The technology is mostly based on remote-controlled rigs that remove fouling using rotating discs with high pressure nozzles. Water pressure and flow vary, but it appears that the use of very high pressure (over 150 Bar) is becoming less common and it is more usual to apply lower pressure with higher volumes of water.
Recent findings indicate that in situ cleaning may come with a set of challenges, forcing the industry to re-evaluate the sustainability of this method.
Net Wear and Tear
Observations made on fish farms and net lofts show that high pressure in situ cleaning (over 150 Bar) or prolonged exposure in one place can damage the netting. The water flow can loosen the tight braid of the net material, causing expansion and damage to the individual fibres as they are exposed to a powerful or prolonged flow of water. Repairs of cleaning related damage are common, as illustrated in a factsheet of the Norwegian Directorate of Fisheries. Damage can be caused either by the actual water flow (erosion, expansion) or by the cleaning disc rotating against the net (abrasion damage).
However, the impact on the net as such is not the issue here, even though the expanded net fibre makes it easier for species such as hydroids, mussels and skeleton shrimps to attach to the net and exploit new and well-suited areas for further growth.
In situ cleaning dislodges considerable amounts of biological material that is further reduced to fragments of different size and density. This material creates a slowly sinking cloud that can be a problem for the overall gill health of the fish.
The main problem is caused by the stinger cells in hydroid polyps. Stinging cells, either in the polyp or dislodged, eject harpoon-like needles that pump poison into whatever tissue is exposed. The polyps float around in the cage being cleaned and spread easily into other cages. Investigations carried out on fish farms in Norway show that the number of polyps in the water increases (up to 300 per m3 in one report) during in situ cleaning, even where there were none before.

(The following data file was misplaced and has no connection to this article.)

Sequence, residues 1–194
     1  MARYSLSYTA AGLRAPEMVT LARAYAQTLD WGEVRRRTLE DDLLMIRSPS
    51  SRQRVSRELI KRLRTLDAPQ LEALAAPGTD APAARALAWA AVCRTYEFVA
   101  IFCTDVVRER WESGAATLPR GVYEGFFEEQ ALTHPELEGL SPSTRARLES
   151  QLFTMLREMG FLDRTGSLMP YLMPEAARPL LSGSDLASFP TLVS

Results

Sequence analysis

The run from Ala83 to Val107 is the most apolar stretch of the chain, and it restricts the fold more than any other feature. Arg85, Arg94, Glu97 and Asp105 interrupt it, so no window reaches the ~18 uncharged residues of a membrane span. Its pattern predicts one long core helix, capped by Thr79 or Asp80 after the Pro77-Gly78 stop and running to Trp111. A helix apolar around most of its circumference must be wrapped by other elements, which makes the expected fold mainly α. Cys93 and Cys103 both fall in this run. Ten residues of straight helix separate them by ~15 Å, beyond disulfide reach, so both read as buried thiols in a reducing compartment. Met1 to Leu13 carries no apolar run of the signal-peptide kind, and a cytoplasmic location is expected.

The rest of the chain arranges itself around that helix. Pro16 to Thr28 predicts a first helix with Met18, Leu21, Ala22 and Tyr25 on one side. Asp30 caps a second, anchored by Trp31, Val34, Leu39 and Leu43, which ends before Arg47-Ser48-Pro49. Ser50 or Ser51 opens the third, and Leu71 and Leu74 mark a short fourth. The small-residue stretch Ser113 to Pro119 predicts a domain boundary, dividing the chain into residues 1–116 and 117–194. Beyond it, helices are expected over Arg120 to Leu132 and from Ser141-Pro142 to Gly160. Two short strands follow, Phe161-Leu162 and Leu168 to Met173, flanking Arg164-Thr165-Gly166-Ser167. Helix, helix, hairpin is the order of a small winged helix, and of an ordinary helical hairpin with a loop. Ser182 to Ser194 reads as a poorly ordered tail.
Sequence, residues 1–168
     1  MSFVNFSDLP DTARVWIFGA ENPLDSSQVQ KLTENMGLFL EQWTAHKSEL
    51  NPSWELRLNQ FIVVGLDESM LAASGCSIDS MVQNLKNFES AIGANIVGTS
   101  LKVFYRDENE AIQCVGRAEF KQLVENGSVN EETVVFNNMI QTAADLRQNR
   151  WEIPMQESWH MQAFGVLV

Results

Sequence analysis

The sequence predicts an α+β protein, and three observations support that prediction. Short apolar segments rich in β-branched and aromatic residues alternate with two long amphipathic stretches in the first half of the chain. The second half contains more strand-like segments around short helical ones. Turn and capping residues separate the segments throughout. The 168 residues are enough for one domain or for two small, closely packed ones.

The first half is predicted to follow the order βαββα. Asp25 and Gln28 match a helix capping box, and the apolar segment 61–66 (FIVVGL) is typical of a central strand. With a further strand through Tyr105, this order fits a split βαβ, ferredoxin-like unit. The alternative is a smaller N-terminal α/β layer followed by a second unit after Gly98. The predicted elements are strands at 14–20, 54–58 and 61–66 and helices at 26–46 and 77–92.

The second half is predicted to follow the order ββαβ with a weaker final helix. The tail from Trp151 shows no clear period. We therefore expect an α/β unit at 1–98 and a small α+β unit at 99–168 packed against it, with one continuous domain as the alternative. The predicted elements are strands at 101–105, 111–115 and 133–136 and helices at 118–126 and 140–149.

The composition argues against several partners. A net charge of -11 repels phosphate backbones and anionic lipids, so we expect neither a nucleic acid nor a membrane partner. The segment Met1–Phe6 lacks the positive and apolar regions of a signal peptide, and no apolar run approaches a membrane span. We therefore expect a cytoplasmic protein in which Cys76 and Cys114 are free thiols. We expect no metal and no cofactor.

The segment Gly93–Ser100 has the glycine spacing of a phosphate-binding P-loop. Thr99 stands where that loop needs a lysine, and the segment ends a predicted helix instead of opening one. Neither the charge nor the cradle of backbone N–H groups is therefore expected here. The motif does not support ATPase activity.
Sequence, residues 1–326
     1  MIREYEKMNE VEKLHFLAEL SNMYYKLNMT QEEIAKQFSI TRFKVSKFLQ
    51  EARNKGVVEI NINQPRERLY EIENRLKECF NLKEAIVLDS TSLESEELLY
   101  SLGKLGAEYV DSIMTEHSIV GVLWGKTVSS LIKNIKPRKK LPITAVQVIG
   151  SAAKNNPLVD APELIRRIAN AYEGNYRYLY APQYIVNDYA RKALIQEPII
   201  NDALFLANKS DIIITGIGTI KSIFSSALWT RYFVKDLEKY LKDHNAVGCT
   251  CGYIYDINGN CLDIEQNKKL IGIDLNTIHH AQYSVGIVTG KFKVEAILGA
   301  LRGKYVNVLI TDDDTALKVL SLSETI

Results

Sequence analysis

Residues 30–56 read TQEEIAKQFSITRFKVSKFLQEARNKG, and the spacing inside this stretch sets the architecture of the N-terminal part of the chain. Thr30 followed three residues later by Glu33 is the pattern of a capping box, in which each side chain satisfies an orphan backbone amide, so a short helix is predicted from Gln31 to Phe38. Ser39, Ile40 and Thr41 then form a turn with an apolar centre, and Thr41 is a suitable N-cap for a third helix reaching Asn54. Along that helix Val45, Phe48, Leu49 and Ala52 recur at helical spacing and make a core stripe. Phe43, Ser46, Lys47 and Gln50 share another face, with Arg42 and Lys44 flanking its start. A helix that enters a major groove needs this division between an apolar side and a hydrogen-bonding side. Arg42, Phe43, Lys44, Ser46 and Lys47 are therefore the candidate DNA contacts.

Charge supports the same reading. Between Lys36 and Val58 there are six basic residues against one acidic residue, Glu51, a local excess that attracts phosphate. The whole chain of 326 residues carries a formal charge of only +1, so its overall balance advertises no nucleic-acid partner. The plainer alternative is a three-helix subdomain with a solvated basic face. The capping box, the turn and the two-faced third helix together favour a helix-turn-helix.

Findings show that exposure to stinger cells results in gill damage under controlled conditions. The damage is characterised by inflammation, mucus formation and in extreme cases may result in loss of tissue in the gills, which can lead to other problems, such as respiratory challenges during de-lousing, as observed by farmers and fish health specialists in commercial farming operations. The potential effect on Amoebic Gill Disease (AGD) has not been investigated.
Re-colonisation of a Newly Washed Net
After a successful and professional in situ cleaning, the net appears clean and free of fouling. This is generally true, except for hydroids. Hydroids have a root-like network that utilises net filaments for anchoring and this is not removed by in situ cleaning. There is a suspicion that in situ cleaning can increase the number of hydroids in the area as new adults grow from the root-filaments and through release of free swimming stages. This can easily affect other facilities, as viable fragments and juveniles get carried by the currents and attach themselves to suitable surfaces. With increased recruiting and the absence of competition, the hydroids are able to expand and be the dominant species on the net within a short space of time.
Is Biofouling a Reservoir for Pathogens?
In a controlled study conducted by Steen-Hansen and UNI Research in Bergen, a number of fouling species were exposed to bacteria, and amoeba commonly associated with AGD. Findings show that bacterial species and amoebas can be found in hydroids, algae and the biofilm, for a considerable time after exposure.
Further, findings by a team of Norwegian researchers indicate that in situ cleaning dislodges salmon lice larvae. Increased numbers were found as far as 160 m downstream from the site where in situ cleaning was conducted, indicating that the larvae are associated with some fouling species.
Value Through Knowledge
Based on findings in the available literature and experience shared by people in the industry, it is possible to draw the following conclusions.:
- Nets should be protected against the forces of an in situ cleaning rig. It is easy to end up in a situation where the netting is weakened despite the fact that all the procedures were followed.
- Furthermore, it would appear advisable to monitor the gill status of the fish before and after in situ cleaning. This is the only way to understand the possible after effects of in situ cleaning and carry out the necessary changes in routines.
- An evaluation should also be made as to whether in situ cleaning one week or less before de-lousing or AGD treatment is a good idea, again based on an accurate monitoring of gill status before and after in situ cleaning.
This article was taken from the May 2016 Sustainable Aquaculture Magazine.